Chelsea (Sasha Grey) is a high-priced $2,000-an-hour call girl in Manhattan, offering a 'girlfriend experience': she'll dress with the client in mind, go to dinner and a movie, listen attentively to talk about work and finances, and she'll provide sex. It's October, 2008: a presidential election nears and the economy is in free fall. She has a boyfriend, Chris (Chris Santos), who's a personal trainer. We are shown five non-consecutive days in Chelsea's life. She's working on her Web page, talking to image consultants, and being interviewed by a reporter. She asks clients when their birthdays are and uses that for an astrological prediction. She's drawn to a new client, a writer from L.A. Should she break her rules for him? What if it risks her relationship with Chris? Should she invest in gold?Written by
Sometimes clients think they want the real you, but at the end of the day, they say they don't. They want what... they want what you want to be. They want you to be something else. They don't want you to be yourself.
Suppose I'm that rare client that really wants to...
If they wanted you to be yourself, they wouldn't be paying you.
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After the end credits, there's a brief scene of Chelsea washing a client's hair as he sits in a bathtub and talks about John McCain. See more »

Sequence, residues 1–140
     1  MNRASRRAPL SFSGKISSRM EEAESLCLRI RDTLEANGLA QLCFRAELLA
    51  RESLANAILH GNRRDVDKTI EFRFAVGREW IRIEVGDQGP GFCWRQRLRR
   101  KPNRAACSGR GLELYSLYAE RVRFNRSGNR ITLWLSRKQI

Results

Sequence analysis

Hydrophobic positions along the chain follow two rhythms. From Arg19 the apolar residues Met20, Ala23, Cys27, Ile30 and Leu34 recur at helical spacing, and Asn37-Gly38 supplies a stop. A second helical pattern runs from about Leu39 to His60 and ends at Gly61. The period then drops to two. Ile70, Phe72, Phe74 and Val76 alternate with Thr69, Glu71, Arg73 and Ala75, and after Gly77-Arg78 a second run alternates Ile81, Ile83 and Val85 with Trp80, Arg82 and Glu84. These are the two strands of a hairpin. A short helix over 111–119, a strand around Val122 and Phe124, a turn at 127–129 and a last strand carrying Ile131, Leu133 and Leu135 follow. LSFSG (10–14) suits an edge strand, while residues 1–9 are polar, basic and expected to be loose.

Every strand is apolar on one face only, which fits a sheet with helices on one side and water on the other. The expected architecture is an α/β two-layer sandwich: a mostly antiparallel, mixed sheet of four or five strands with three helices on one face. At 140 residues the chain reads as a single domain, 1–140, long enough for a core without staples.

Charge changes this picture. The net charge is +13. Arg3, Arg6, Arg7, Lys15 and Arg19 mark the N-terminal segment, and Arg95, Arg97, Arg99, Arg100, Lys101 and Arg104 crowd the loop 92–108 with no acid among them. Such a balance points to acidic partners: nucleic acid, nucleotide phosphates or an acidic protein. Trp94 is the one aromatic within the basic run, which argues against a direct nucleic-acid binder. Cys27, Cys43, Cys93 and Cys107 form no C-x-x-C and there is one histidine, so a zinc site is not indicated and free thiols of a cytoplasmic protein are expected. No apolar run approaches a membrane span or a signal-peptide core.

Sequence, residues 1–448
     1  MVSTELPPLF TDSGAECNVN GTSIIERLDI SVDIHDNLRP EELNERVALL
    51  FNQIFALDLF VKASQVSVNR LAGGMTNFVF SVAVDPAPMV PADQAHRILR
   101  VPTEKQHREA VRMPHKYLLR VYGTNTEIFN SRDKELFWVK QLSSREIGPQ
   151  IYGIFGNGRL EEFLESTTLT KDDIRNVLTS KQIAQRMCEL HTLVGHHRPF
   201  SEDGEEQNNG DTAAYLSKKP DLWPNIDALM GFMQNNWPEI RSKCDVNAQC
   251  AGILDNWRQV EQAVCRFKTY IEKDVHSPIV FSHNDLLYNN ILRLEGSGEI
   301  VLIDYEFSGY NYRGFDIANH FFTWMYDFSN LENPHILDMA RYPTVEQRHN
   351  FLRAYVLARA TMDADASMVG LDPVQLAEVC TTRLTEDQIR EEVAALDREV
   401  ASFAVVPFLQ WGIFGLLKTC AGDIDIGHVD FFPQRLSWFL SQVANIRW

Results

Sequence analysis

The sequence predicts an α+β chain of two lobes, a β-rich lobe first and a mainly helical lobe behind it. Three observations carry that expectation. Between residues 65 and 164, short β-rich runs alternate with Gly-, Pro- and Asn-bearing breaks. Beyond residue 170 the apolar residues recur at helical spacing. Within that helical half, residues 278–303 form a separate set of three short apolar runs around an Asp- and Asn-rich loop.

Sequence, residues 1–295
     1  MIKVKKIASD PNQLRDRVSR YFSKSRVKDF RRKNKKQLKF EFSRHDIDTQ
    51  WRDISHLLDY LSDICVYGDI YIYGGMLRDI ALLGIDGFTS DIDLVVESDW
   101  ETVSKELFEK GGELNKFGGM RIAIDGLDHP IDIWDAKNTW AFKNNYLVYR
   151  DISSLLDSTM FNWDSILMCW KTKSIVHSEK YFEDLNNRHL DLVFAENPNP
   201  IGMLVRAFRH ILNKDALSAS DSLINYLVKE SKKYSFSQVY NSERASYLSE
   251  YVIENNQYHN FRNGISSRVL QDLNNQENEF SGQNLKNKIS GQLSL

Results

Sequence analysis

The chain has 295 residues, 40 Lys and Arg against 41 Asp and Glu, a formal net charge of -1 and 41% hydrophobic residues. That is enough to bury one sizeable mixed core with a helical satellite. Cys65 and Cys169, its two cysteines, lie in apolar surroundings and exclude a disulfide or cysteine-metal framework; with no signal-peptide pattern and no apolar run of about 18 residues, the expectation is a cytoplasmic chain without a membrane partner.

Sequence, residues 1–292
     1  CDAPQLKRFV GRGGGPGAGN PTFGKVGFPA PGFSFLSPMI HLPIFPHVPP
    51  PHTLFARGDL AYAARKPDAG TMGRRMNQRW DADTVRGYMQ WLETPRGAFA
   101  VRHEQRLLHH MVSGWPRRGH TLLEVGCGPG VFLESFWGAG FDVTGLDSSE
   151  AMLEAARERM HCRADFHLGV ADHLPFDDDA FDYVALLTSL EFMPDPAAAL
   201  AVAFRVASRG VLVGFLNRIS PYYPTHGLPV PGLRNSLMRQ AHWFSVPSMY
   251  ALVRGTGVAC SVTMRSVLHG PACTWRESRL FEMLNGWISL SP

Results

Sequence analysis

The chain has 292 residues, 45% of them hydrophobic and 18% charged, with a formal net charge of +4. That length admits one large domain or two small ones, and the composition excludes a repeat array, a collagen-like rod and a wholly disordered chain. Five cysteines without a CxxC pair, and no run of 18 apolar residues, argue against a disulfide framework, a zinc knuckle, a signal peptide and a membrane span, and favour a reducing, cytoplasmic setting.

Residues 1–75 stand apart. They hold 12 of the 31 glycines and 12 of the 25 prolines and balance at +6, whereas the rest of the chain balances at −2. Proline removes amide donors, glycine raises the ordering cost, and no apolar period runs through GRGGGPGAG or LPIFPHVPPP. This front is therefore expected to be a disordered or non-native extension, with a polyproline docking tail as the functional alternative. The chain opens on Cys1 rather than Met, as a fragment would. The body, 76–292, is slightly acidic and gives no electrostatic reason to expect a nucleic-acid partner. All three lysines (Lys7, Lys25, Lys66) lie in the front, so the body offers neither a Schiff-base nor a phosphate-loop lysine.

When Rosa Von Praunheim wanted to make a film about Fassbinder's "widows", he just took a camera and went from apartment to apartment, from restaurant to restaurant and filmed what came in front of his camera. The end-product he called a "near-reality" movie. When German journalist Günther Wallraff wanted to document discrimination and racism in German plants, he masked himself as a Turk and worked with hidden cameras. The US-university professor Barbara Ehrenreich did the same some years ago when she wanted to collect material for a study about the working-poor in America.
I wonder why Soderbergh did not the same and just followed a real call-girl through a representative couple of days, thereby illustrating the different aspects of her work. Pseudo-documentaries are almost worthless because the border between fiction and reality is too close, and still in this closeness there is the biggest lie which every audience senses deeply. Instead of that he spent 2 millions of dollars which he filmed through in only a couple of days. Did he pay the 2'000 dollars which Sasha Gray probably gets in reality? It would be a fruitful experiment to calculate the minutes together during which she is shown in the 77 minutes movie.
Unfortunately, the movie is neither a stylized product of genre-crossing nor can it be taken for experimental work - it is mostly comparable with that TV series that the late Ede Zimmermann invented in the Germany of the late 50ies - where actual criminal deeds were played by actors and broadcast on TV in the hope that someone would be a witness of the real crime. Here, the imitation fulfilled practical purposes, but in "The Girlfriend Experience? - What is it then, that Soderbergh wanted to show? That even "love" and not only sex can be bought? - But oh no, he is already a while on this world, isn't he?
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